While I could put it down for 6 months without reading a page, I did enjoy the stories in this book that I picked up second hand in a store in an Islamabad mall. While some of the stories about the author's life and experiences and his thoughts on the West are from 'long' ago, I still felt the resonance of what he had to say especially as it comes to water use. Please don't waste it.
The last portion of the book is interesting although very different. I felt like I was in a literature class (whi
Mar 06, 2018 rated it really liked it
I didn't finish this collection of essays but I read most of this book while on a 9 week roadtrip through the American west in 2017.

While we've been traveling I've been reading a collection of essays by Wallace Stegner, an award-winning and distinguished western writer, historian and novelist of the 20th century. I am thoroughly enjoying his non-fiction writing about wilderness, aridity (the defining feature of the American west), and western history.

His insight's have given some language and co
tonia peckover
Apr 30, 2018 rated it really liked it
The book is subtitled "Living and Writing in the West" which is an accurate description. The book is in three pieces - Stegner's own life in the West, a mild diatribe against Western mythologies (Stegner is a longtime favorite for his plain speech and clear vision and he doesn't disappoint here with some very good analysis of real Western life. There's a tremendous section on water rights, stockmen, and ranchers that feels incredibly prescient in light of the recent Malheur occupation,) and an e ...more
Apr 25, 2018 rated it it was amazing
A book of the history of the western U. S although the southern part of Saskatchewan it touched upon. W. Stegner talks about the land, the life styles in this area, the destruction of the land and water and then dissects many books written by others writing about these topics and in some cases how he knows these writers. He mentions a few artists but not Charles Russell which surprised me. It seems the Canadian west like the U. S west is mainly considered an area to supply the eastern part of th ...more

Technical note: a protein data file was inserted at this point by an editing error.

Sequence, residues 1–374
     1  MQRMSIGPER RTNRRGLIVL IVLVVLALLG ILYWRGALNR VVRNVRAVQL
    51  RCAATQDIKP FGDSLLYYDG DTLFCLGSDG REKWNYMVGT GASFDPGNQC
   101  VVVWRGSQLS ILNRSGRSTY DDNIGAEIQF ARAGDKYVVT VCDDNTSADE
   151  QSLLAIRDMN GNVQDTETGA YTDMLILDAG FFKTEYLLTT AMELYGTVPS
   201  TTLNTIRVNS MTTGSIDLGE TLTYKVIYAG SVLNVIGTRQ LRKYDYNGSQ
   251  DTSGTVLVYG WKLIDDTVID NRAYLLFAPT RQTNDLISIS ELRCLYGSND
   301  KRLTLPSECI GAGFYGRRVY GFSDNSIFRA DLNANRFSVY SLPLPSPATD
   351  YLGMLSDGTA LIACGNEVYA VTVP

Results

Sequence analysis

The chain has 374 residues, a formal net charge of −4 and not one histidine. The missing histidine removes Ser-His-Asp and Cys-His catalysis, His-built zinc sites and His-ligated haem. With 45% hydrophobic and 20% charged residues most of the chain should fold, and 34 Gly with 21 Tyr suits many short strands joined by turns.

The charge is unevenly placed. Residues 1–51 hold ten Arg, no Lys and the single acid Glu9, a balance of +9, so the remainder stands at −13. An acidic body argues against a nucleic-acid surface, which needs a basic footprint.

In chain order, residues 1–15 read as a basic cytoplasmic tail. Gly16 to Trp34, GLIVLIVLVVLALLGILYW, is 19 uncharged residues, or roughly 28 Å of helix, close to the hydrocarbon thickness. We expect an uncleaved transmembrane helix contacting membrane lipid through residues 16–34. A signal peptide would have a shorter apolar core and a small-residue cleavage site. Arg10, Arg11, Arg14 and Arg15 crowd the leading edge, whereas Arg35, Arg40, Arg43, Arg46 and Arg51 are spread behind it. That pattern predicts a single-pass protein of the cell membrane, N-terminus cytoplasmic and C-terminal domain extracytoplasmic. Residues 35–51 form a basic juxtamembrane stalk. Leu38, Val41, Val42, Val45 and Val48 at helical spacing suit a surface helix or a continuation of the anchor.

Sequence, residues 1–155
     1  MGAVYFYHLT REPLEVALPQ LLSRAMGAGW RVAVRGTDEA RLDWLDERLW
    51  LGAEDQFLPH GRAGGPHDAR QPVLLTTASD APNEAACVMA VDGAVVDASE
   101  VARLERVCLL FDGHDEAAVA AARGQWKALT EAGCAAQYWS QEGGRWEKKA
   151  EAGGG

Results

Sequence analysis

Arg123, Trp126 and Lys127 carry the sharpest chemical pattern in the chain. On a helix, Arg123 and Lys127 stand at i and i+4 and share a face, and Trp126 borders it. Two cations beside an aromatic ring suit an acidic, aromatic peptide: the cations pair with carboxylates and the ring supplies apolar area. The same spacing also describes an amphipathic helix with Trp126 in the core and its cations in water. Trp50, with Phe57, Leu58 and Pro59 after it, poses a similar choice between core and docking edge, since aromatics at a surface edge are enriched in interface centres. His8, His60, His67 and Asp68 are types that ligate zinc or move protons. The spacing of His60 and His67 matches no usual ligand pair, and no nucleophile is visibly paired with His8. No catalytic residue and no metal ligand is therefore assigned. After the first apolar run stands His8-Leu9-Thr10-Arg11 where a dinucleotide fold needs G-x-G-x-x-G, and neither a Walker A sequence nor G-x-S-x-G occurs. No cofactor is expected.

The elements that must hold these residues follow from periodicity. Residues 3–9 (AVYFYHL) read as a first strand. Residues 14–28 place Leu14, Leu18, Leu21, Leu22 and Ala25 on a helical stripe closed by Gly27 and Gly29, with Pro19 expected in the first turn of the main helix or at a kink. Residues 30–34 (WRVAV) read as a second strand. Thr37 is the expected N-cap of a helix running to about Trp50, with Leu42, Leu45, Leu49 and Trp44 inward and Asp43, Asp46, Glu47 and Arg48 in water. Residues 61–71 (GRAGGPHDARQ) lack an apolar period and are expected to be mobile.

John Majors
Sep 04, 2017 rated it liked it
Stegner is one of my favorite novelists. This being his first collection of essays I've read, I was pleasantly surprised. Similar to Wendell Berry's "What are People For?" with a western slant. Worth reading for his letter to Berry alone and for his analysis of "A River Runs Through it" and how the aridity of the west and water rights has shaped the people who reside there. Probably not for everyone, but if you like Stegner or Berry or both, check it out.
Jun 19, 2018 rated it really liked it
A fantastic collection of essays detailing what Wallace Stegner cares about: life, the West, and writing. I especially loved the first section of personal essays about his childhood and the final essay in the last section titled The Law of Nature and the Dream of Man. The middle section was less engaging but still informational and the final section was essays about other Western writers, and I gathered several book suggestions from a master.
Chris Leuchtenburg
Reading this book, I learned more about Stegner than I did about the West or environmentalism. If fact, what comes across most strongly is his literary focus. He is a wonderful writer, but repurposed magazine articles like these leave me wanting more.
Jun 23, 2018 rated it really liked it
No one writes about the west like Wallace Stegner does. His love for it pours off his pages.
Everywhere else seems gentler, older and softer after one has lived in and traveled all over the
western landscape.
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More Literary Criticism 2 10 Jun 18, 2008 06:40PM  
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Wallace Earle Stegner was an American historian, novelist, short story writer, and environmentalist. Some call him "The Dean of Western Writers." He won the Pulitzer Prize in 1972 and the U.S. National Book Award in 1977.
“The deep ecologists warn us not to be anthropocentric, but I know no way to look at the world, settled or wild, except through my own human eyes. I know that is wasn't created especially for my use, and I share the guilt for what members of my species, especially the migratory ones, have done to it. But I am the only instrument that I have access to by which I can enjoy the world and try to understand it. So I must believe that, at least to human perception, a place is not a place until people have been born in it, have grown up in it, have lived in it, known it, died in it--have both experienced and shaped it, as individuals, families, neighborhoods, and communities, over more than one generation. Some are born in their place, some find it, some realize after long searching that the place they left is the one they have been searching for. But whatever their relation to it, it is made a place only by slow accrual, like a coral reef.” 9 likes
“It is not an unusual life curve for Westerners - to live i n and be shaped by the bigness, sparseness, space clarity & hopefulness of the West, to go away for study and enlargement and the perspective that distance and dissatisfaction can give, and then to return to what pleases the sight and enlists the loyalty and demands the commitment.” 8 likes